Supporters of the modified mosquitoes say they could be a key asset in the fight against Zika.
A type of genetically modified mosquito made by the British company Oxitec should pose no danger to the environment, US regulators said on Friday after considering thousands of public comments.
The US Food and Drug Administration's environmental review for the release of Oxitec's genetically engineered (GE) mosquitoes, known as OX513A, found "the proposed field trial will not have significant impacts on the environment."
The male mosquitoes are engineered so that their offspring will die before they reach adulthood, an approach Oxitec says can reduce the populations of Aedes aegypti mosquitoes that can spread human viral diseases, including Zika, dengue, yellow fever and chikungunya.
The FDA decision does not, however, mean the mosquitoes are immediately approved for commercial use, said a statement from the federal agency.
"Oxitec is responsible for ensuring all other local, state and federal requirements are met before conducting the proposed field trial," said the FDA.
The Florida Keys Mosquito Control District will also weigh in on whether and when to begin the proposed field trial in Key Haven, Florida.
The program would release male Oxitec mosquitoes to mate with wild female Aedes aegypti.
Only female mosquitoes bite and spread disease.
Any offspring they produce would soon die, reducing the size of the mosquito population.
'Exceptional level of control'
"Efficacy trials in Brazil, Panama, and the Cayman Islands have tested this approach, and in each of these trials the population of Aedes aegypti was reduced by more than 90 percent -- an exceptional level of control compared to conventional methods, such as insecticides," said an Oxitec statement.
The prospect of releasing the mosquitoes in the Florida Keys has stirred strong opposition among many residents, and a petition against them on change.org has garnered more than 168,000 signatures.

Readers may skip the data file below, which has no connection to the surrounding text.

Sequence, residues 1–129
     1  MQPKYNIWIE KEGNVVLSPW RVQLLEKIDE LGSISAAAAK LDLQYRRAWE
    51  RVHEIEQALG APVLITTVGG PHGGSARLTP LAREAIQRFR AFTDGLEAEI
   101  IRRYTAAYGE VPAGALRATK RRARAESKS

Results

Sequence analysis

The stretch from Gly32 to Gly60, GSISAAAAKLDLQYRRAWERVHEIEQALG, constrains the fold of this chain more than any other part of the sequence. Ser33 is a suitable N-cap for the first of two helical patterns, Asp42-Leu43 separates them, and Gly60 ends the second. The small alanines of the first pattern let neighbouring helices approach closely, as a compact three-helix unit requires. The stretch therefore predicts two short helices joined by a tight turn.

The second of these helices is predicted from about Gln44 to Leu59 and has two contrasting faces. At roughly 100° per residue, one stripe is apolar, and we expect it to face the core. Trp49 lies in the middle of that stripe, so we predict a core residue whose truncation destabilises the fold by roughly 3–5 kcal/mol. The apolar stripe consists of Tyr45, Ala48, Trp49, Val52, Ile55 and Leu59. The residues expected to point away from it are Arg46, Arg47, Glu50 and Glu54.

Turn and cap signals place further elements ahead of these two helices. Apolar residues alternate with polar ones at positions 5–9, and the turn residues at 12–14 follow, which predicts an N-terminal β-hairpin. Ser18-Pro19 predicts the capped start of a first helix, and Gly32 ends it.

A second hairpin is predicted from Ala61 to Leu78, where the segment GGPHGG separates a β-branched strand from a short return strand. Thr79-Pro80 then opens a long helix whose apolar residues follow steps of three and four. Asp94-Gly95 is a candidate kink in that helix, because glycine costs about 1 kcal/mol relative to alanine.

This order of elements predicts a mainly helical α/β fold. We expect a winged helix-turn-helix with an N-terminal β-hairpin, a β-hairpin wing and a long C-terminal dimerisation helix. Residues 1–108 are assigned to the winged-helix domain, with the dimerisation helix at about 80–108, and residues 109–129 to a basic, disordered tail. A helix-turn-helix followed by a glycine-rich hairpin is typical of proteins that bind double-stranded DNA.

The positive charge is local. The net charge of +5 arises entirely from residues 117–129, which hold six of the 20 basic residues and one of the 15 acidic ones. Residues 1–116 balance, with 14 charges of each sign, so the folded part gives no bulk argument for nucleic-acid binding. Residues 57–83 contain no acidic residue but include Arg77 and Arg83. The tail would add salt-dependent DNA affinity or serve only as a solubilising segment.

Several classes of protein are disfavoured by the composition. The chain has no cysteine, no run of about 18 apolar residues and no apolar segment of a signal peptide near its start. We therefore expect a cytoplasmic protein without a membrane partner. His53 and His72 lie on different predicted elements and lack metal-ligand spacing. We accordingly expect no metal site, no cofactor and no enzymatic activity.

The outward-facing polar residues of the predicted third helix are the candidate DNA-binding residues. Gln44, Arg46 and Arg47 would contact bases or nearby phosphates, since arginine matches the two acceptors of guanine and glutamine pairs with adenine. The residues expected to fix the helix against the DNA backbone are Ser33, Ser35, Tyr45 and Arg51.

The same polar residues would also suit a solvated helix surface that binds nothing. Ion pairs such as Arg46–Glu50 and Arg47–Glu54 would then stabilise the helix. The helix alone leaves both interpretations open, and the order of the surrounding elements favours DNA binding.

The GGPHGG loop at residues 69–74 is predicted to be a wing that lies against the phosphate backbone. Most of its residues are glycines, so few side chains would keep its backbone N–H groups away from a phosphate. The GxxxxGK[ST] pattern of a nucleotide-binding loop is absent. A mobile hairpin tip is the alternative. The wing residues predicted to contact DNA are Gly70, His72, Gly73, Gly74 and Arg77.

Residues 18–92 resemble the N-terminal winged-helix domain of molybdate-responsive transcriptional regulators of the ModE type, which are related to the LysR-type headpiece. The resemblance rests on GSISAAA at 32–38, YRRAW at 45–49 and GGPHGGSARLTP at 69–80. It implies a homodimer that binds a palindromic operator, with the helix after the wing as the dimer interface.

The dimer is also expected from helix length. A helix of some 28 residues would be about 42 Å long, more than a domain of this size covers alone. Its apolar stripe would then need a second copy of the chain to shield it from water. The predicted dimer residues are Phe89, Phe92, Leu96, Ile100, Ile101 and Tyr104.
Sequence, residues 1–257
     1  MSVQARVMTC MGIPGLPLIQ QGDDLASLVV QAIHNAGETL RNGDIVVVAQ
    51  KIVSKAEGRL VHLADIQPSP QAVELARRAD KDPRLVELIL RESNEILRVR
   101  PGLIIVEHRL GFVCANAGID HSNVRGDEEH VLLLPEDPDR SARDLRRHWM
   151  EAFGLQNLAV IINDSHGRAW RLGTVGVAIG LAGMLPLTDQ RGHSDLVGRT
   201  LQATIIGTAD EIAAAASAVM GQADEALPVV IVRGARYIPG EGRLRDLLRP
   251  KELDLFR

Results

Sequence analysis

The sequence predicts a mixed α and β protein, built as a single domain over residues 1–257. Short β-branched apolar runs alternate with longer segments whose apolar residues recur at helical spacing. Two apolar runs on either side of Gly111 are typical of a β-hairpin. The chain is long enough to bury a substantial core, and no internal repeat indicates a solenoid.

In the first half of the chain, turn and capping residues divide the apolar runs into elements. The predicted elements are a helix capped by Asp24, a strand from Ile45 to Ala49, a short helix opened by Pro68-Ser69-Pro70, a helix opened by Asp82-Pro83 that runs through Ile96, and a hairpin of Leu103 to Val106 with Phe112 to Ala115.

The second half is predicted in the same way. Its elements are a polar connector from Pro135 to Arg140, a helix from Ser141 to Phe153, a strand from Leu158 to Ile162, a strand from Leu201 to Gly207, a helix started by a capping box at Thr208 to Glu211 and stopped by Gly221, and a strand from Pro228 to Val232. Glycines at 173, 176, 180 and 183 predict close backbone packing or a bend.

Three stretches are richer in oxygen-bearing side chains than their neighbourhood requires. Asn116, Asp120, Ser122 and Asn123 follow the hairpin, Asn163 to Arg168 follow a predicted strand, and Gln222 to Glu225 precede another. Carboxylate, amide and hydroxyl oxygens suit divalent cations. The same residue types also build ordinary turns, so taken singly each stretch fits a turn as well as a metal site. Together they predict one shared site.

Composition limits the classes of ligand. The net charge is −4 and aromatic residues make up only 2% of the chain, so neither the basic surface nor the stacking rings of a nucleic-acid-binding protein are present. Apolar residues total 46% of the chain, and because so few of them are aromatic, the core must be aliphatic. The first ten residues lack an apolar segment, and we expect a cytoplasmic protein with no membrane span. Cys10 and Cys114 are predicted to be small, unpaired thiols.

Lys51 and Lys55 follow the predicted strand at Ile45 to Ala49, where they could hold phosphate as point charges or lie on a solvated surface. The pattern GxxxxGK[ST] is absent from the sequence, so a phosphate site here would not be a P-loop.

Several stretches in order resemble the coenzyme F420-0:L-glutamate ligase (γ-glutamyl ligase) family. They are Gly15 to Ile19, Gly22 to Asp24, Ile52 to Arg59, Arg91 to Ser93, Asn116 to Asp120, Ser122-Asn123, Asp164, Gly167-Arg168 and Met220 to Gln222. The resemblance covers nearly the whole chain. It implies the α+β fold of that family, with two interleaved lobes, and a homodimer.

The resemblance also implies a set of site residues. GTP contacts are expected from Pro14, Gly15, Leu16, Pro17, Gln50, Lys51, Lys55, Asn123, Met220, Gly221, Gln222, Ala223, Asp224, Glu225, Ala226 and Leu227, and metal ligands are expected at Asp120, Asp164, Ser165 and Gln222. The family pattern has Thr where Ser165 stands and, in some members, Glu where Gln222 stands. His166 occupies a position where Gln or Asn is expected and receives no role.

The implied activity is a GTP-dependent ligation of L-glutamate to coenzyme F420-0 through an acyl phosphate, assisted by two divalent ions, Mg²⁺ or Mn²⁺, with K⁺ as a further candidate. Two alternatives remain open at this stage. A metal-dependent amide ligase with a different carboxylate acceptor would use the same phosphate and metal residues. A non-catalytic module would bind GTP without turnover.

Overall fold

The FDA said it had reviewed thousands of comments from the public since issuing a draft environmental assessment in March.
"We're delighted with the announcement today that the FDA, after their extensive review of our dossier and thousands of public comments for a trial in the Florida Keys, have published their final view that this will not have a significant impact on the environment," said Oxitec's chief executive officer Hadyn Parry.
"We are convinced that our solution is both highly effective and has sound environmental credentials," Parry added.
"We are now looking forward to working with the community in the Florida Keys moving forward."
Supporters of the modified mosquitoes say they could be a key asset in the fight against Zika, since the mosquitoes that carry the virus can breed in tiny amounts of water, and can be difficult to kill with pesticides.
The United States is now among some 50 countries and territories of the world, most of them in Latin America and the Caribbean, where Zika virus is active.
Florida has announced 16 locally transmitted cases of the Zika virus since July, with all those cases linked to one neighborhood in Miami.
If a pregnant woman is infected with Zika, she faces a higher risk of bearing a child with the permanent skull and brain defect known as microcephaly.